ARLINGTON, Iowa --- Ron Soppe wanted to forget the Vietnam War when he returned to U.S. soil. Remembering events 42 years later generated both tears and smiles.
In 1968, Soppe was an infantry medic bandaging wounded near Saigon. For a year, he kept a diary and took photos with a 126 Kodak Instamatic, sending the film to his mother in Iowa.
At a reunion 20 years later with his Army buddies, fellow veterans discovered the keepsakes in Soppe's box of memorabilia. One, Ron Henry of Nashville, Tenn., suggested Soppe get the material in print.
But Soppe was occupied with life and shelved the idea.
Henry didn't forget, though, and about a year ago offered to publish the book.
"When I first met him at the reunion I didn't know who he was, but he said I saved his life," Soppe said.
Henry, 73, produced "Diary," which features the Vietnam combat medic's daily entries.
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Tuesday, Aug. 20, 1968: Today was one of the saddest days of my life.
First off we went on a sweep through the rubber plantation and found 8 N.V.A. [North Vietnamese Army] after we finished our sweep we rested and the 4/23 was in trouble again. They called in air strike and artillery.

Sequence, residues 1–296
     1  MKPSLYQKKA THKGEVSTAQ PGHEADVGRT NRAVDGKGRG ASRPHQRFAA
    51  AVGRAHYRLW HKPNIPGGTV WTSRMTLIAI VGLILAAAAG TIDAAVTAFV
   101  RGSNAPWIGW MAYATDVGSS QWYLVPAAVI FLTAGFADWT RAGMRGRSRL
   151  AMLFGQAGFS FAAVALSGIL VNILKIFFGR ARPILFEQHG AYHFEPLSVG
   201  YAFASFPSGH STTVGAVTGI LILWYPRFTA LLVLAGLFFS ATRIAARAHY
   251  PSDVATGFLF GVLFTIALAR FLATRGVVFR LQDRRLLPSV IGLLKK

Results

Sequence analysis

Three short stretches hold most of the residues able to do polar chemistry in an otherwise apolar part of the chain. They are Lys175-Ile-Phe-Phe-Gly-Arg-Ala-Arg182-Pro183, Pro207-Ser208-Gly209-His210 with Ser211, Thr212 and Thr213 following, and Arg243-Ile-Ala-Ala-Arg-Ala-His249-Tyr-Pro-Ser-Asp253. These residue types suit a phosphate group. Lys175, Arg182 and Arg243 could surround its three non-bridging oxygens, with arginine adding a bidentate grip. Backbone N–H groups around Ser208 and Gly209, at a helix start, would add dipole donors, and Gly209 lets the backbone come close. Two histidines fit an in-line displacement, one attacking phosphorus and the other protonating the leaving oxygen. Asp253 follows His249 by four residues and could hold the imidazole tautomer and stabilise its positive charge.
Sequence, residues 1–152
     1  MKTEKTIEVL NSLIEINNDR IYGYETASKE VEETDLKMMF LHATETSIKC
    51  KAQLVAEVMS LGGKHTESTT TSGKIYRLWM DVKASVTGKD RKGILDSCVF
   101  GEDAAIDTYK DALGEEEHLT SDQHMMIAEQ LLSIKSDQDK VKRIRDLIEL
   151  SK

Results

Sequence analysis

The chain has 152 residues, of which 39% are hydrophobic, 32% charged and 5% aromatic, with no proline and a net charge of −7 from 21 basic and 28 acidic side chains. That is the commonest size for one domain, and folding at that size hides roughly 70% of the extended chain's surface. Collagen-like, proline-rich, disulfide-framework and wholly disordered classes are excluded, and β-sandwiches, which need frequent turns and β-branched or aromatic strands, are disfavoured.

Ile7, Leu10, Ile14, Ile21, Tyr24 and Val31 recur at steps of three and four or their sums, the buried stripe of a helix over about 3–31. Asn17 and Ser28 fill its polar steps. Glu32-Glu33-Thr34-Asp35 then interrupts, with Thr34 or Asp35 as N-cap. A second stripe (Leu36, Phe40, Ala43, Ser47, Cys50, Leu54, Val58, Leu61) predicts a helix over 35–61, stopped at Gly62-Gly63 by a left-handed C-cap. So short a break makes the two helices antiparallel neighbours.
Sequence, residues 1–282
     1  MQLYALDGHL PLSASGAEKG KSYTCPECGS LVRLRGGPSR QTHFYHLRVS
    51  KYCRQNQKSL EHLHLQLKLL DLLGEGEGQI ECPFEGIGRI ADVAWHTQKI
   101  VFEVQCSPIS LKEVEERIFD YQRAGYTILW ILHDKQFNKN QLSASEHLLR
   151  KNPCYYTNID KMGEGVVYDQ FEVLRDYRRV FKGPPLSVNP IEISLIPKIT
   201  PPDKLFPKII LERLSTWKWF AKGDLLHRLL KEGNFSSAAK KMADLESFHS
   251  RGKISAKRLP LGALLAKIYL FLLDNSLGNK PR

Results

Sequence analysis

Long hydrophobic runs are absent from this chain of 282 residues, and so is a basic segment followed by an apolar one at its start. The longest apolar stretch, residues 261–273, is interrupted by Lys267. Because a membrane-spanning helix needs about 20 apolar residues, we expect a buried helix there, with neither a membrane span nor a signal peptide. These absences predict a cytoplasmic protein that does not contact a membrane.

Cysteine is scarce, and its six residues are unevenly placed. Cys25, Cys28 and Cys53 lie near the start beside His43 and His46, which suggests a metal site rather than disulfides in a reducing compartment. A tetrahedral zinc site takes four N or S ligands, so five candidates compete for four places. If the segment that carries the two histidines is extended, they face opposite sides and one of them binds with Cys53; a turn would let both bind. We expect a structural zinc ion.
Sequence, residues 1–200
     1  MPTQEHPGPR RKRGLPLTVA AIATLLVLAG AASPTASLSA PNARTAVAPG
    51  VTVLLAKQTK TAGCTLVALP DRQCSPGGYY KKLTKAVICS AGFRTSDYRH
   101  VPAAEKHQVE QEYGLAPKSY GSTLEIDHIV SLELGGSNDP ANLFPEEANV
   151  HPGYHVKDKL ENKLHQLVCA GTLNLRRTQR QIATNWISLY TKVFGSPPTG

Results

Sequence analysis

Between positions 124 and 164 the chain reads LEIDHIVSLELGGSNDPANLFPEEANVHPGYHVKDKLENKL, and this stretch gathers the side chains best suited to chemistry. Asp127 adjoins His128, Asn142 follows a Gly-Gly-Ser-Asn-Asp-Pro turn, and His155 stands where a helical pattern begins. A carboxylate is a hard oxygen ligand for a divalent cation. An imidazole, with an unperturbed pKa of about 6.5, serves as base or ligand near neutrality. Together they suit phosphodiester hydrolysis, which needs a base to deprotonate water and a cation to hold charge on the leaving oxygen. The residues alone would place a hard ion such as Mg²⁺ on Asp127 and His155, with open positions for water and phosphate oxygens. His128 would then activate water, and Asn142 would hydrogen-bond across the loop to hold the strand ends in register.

After that we went on and tried to sweep. We had tracks on line and one men sweep. Our I-6 was killed (Lt. Connell.) After that they finally realized it was time to get out. I fell apart after that and cried.
It's not a war it's suicide. The Lord is with us.
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Soppe, 63, was attached to the 1st Battalion, 5th Infantry. He received a Distinguished Service Cross and three Purple Hearts. He said he was lucky to graduate West Union High School in 1966 because he wasn't much of a student.
He was drafted in 1967, completed basic training at Fort Lewis in Washington and had 10 weeks of training as a medic in San Antonio, Texas.
In Vietnam, Soppe witnessed death. He remembers the emotion he felt treating soldiers because most believed an injury meant a return trip to the United States.
When Soppe got home in September 1969, he tried to put the experience in his past.
"I was done with Vietnam," he said.
Soppe admitted to spending the next two years drinking heavily and wondering what to do with his life.
He got married and with his wife, Deb, raised a son, Derrick. They later divorced.
Two heart attacks later, Soppe has a pacemaker. He also has had surgery for cancer and sees a counselor for post-traumatic stress disorder.
He finds solace in plants and flowers and is nurturing 5,000 potted calla lilies for a friend's wedding this summer.
He recently moved to an acreage near Arlington where he hopes to have a greenhouse.
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Wednesday, Aug. 21, 1968: Today I drove and I'll tell ya it's not the best. Our guys were on a sweep first about all day. 4/23 were surrounded by N.V.A. and were hit bad. I believe that they lost 4 guys and 5 wounded. Our guys went to help.
On the afternoon, we had around 700-800 Arvn Rangers Eagle flighted in. They were to stay with us a couple of days. This was one of our biggest missions yet. We don't know how many body count.
God Bless Us All.
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Soppe signed the first 100 copies of his book and donated one to the West Union Public Library. Cost is $44.95. To order, go to www.knives-ceramic.com/soppe.